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Home Energy Putin ‘has already lost the energy war he started’: EC President von der Leyen

Putin ‘has already lost the energy war he started’: EC President von der Leyen



Attempt to ‘blackmail’ Europe using energy ‘abject failure’

EU has freed itself from Russian energy dependence

European gas prices lower than before Ukraine invasion

Russian President Vladimir Putin “has already lost the energy war he started” and attempts to hold Europe to ransom over energy have failed, European Commission President Ursula von der Leyen said Feb. 15.

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Speaking at the European Parliament, von der Leyen said the EU had repositioned itself and freed itself from dependence on Russian energy.

“Putin assumed that our support for Ukraine would not last. He thought it would be easy to hold Europe to ransom, because of our dependence on Russian oil and gas. But he was wrong,” von der Leyen said.

“Today, one year after the war began, he has already lost the energy war he started,” she said, pointing to lower Russian income from sales of gas to Europe and reduced gas prices.

“Russia’s income from sales of gas to Europe has shrunk by two-thirds. The oil price cap means that Russia is losing Eur160 million in revenue every day,” she said.

“Gas prices in Europe are lower today than before Russia’s invasion of Ukraine, and Europe is now investing in clean energies and energy independence as never before,” she said.

Russia gradually choked gas supplies to Europe through 2022, helping push prices to record levels.

Platts, part of S&P Global Commodity Insights, assessed the benchmark Dutch TTF month-ahead price at an all-time high of Eur319.98/MWh in late August.

But prices are now significantly lower on the back of healthy storage and demand curtailments with Platts assessing the TTF month-ahead price on Feb. 14 at Eur52.80/MWh.

Von der Leyen said European unity and a “smart” energy policy meant the EU had been able to withstand Russian pressure.

“Our economy today is performing significantly better than forecast,” she said. “Putin’s attempt to blackmail Europe using energy has been an abject failure.”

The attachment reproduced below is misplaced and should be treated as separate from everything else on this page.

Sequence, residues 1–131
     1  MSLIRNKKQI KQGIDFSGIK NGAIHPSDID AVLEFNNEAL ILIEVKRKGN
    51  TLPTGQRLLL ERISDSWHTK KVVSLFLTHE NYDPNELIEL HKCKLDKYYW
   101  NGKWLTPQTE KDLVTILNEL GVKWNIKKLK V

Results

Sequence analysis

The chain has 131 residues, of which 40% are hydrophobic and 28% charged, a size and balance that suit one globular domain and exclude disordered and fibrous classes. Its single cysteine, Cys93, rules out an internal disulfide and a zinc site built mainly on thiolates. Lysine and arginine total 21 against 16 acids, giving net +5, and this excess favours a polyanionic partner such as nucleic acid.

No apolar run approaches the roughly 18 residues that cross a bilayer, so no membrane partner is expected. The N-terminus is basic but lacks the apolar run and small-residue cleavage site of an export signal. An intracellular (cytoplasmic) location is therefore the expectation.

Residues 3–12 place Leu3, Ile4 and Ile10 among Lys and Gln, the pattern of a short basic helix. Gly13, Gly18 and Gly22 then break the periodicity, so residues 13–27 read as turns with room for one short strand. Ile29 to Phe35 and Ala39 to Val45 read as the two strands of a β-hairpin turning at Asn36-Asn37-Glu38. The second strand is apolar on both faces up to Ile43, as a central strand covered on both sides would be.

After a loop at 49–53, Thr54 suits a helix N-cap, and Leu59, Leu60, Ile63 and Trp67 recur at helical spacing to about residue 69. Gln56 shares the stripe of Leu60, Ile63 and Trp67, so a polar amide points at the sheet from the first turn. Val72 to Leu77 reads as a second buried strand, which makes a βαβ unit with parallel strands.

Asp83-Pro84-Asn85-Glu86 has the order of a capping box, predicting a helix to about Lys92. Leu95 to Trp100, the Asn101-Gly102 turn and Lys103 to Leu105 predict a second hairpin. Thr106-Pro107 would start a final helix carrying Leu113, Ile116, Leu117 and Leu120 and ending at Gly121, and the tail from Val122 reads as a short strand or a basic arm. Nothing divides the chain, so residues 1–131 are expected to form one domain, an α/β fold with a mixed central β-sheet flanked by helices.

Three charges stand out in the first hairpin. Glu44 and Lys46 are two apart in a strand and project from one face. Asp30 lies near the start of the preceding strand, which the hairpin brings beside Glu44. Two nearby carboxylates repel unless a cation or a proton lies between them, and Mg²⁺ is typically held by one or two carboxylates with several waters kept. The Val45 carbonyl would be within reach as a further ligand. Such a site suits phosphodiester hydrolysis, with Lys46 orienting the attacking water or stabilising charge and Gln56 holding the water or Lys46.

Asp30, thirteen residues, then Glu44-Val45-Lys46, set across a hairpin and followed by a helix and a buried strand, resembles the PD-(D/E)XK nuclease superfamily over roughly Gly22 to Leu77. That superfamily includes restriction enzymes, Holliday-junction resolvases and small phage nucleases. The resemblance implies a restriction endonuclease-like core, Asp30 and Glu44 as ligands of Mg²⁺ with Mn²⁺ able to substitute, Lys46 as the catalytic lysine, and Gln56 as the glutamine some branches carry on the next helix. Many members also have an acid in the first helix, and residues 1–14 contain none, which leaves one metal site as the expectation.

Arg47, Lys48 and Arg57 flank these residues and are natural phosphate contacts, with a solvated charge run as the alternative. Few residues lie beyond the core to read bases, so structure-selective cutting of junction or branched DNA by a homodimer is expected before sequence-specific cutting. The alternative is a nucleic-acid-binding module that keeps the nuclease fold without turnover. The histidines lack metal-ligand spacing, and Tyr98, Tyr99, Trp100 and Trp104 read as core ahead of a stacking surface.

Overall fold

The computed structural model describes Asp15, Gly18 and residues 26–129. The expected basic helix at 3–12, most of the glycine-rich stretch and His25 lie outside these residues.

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Joint purchasing

EC Vice President Maros Sefcovic, speaking in Washington late Feb. 14, said the EU had had to adapt and diversify “fast” given its previous overdependence on Russian fossil fuels.

“We reduced our energy consumption — with gas savings of 20% — and turned to alternative gas suppliers,” he said.

EU member states agreed in July to a 15% voluntary gas demand reduction between August 2022 and March 2023 compared with their average consumption over the past five years, but many saved more gas than expected.

In the period August-November 2022, EU consumption was 20.1% lower than average for the same period from 2017-2021, EU statistics agency Eurostat said in late December.

Sefcovic said, however, that finding alternative gas suppliers to replace Russia had come “with a price tag”.

“And that is why for the first time ever, the EU is making plans to jointly buy gas, pulling its political and economic weight,” he said.

The EU hopes to have its joint purchasing tool “up and running” by April, he said, for the benefit not only of the EU, but also Ukraine and Moldova.

EU member states and Energy Community contracting parties plan to use the procurement tool to aggregate demand for volumes of gas equivalent to 15% of their respective gas storage filling obligations for 2023.

Talks have been ongoing in recent weeks with European gas buyers on aggregating demand before tenders go out to suppliers.

The EC has said it intends to conclude its first joint purchasing — including through long-term contracts — with gas suppliers “well before next summer.”

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